Paddu, Gundu Pongal, Appam – There are many names to this breakfast favorite of south Indians. Like many other southern Indian breakfast items, this one too is made of rice and black lentil, making it a wholesome first meal of the day. What makes it special is the griddle in which it is processed giving it it’s unique texture and taste. Though it is a traditional breakfast item, it is not as widely known as some of the other dishes of this region such as Dosa and Idli. That said, it was surprising for me to see there are several other countries that use same type of griddle & similar process to make pancakes, find out more here: Planet Pancakes. Paddu is a variety of this type of pancake popular in southern Indian state of Karnataka.
Uncooked White Rice – 2 cups
Uncooked black lentil – 1 cup
Split chick peas (channa Dal) – 2 teaspoons
Onion – 1 Large
Fresh coconut slices (or grated coconut) – 1/4 of a cupt
Cilantro – chopped 1/2 cup
Green Chili (optional) – 2
Salt to taste
Oil for cooking – 4-5 teaspoons (as per your liking!)
The process of making Paddu is time consuming no doubt, but, patience has it’s own reward so don’t give up. The first step is to wash rice & lentil a few times and soak it in plain water for 4-5 hours. Blend the soaked grains in a blender to grainy consistency, one thing to note here is, soaked black lentil has a sticky consistency & hence requires good blender to blend them well.
The ground rice & lentil mixture should now be kept for fermentation in a warm place overnight. This is a very typical process followed for most of the common breakfast items in southern India. The yeast formed in the dough due to this fermentation gives a slight sour taste, brings out a nice fluffy texture to it & also makes for a healthy wholesome breakfast.
However, if you don’t have time to wait for this long, you can expedite the process by using some dry active yeast. In half a cup of warm water add half a spoon of sugar, one spoon of active dry yeast and dissolve it & keep it for few mins till froth comes out. Add it to the dough & keep it aside for an hour before using, this brings the same texture to the dough and almost the same taste, but, nothing like the naturally fermented dough!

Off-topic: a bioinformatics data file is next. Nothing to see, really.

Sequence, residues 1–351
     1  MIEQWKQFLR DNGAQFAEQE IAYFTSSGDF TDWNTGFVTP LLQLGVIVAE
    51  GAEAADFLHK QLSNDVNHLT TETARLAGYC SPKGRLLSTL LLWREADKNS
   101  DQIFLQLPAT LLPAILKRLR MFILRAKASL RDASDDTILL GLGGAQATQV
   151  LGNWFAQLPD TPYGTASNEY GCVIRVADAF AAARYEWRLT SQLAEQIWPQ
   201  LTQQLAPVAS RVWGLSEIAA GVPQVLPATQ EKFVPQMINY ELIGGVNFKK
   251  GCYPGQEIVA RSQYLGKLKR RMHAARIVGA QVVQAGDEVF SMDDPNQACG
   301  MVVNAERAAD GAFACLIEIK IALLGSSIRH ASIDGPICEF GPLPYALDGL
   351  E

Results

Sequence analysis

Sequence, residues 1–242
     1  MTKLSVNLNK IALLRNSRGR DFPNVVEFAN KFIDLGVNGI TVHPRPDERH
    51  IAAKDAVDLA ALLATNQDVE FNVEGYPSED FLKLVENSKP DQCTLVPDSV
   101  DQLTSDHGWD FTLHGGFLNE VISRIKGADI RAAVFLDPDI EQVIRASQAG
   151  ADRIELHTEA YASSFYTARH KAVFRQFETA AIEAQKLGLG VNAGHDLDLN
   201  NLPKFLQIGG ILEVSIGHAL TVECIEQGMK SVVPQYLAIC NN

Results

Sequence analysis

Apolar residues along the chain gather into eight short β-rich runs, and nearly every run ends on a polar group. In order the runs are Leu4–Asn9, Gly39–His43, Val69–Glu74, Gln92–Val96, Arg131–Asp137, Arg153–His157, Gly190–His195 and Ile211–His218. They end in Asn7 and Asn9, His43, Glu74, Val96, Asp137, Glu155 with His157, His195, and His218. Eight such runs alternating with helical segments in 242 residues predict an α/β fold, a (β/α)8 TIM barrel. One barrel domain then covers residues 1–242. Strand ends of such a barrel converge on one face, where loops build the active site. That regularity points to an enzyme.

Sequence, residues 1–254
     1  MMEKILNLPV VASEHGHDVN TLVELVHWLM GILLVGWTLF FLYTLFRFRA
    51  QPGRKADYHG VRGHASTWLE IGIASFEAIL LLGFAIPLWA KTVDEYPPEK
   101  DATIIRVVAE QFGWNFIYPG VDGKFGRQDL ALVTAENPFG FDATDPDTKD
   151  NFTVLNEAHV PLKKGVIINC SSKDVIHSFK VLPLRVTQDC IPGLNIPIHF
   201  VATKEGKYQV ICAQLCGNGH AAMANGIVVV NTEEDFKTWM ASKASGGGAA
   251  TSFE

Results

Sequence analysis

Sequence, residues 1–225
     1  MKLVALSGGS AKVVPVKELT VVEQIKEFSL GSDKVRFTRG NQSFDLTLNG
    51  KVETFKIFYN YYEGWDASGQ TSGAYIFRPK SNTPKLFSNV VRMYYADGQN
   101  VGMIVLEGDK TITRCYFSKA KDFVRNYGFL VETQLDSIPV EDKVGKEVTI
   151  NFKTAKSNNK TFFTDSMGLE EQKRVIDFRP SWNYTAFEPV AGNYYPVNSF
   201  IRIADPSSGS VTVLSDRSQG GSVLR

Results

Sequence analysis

Once, the dough is fermented add chopped onion, cilantro, coconut slices, chopped green chili. Also, add handful of channa dal that has been soaked for about 15-20 mins, add salt and mix the dough well.
Now comes the time to fry the dough, this type of frying is neither deep frying nor shallow, the indentation in the griddle used gives sufficient space to add oil that can be considered shallow frying, but, one can also customize it to use less oil to keep it healthy, either ways, you will have crispy Paddus.
Place the Paddu pan on medium flame, add couple drop of oil inside each indentation and smear it with a brush to coat the inside. If you use more oil, it gives the Paddu closer to deep fried texture and of course makes it greasy! Less oil may at times it harder to flip them, but, with practice and well seasoned pan, it gets easier.
When you can feel the heat of the pan by placing the hand a few inches above, it is ready for the dough. Using a teaspoon, scoop out dough and pour it inside each hole. A well heated pan will make the sizzling noise. Adjust the consistency of the dough as needed, ideal dough is that of cake batter consistency. Now, you can add a droplet of oil on top of each of Paddu if you like. Keep the pan covered with a lid for 2 mins and let it cook. Once you see the sides slightly brown, take a spoon and run it along the edges slowly making into the bottom of the pan. Once the dough comes out, slowly flip it you should see crispy brown exterior.
Let the Paddu cook for another couple mins or more if you like it crispier. Once both sides are crispy and golden brown remove them from the pan. A well cooked Paddu will have crispy exterior and if yo break it open, you should see a fluffy interior. If it is not cooked well, you will see some raw batter at the center, if you do, you might want to place entire batch for couple more mins of cooking.
Enjoy hot Paddu with some cilantro chutney!
As is the case in many Indian dishes, there are several varieties of Paddus that are made, savory, sweet versions and many regional flavors specific to other south Indian states.
About the Pan:
Paddu pans are typically made out of cast iron and available in different sizes. Cast iron pans need to be well seasoned and requires more practice to work. Modern day pans come with non-stick coating and in much compact sizes. Mostly you can buy Paddu pans in any home store but, I have never seen one in Indian stores in US. But, it turns out south Indians are not the only ones who discovered this way of pancake making! As I shared in my article, Planet Pancakes, Danish delicacy Aebleskivers are prepared in similar pans. Aebleskiver pans are widely available online, in several super markets and home stores & can be used for making Paddu.
To try Thai version of the pan cake in the same griddle see Khanom Krok recipe.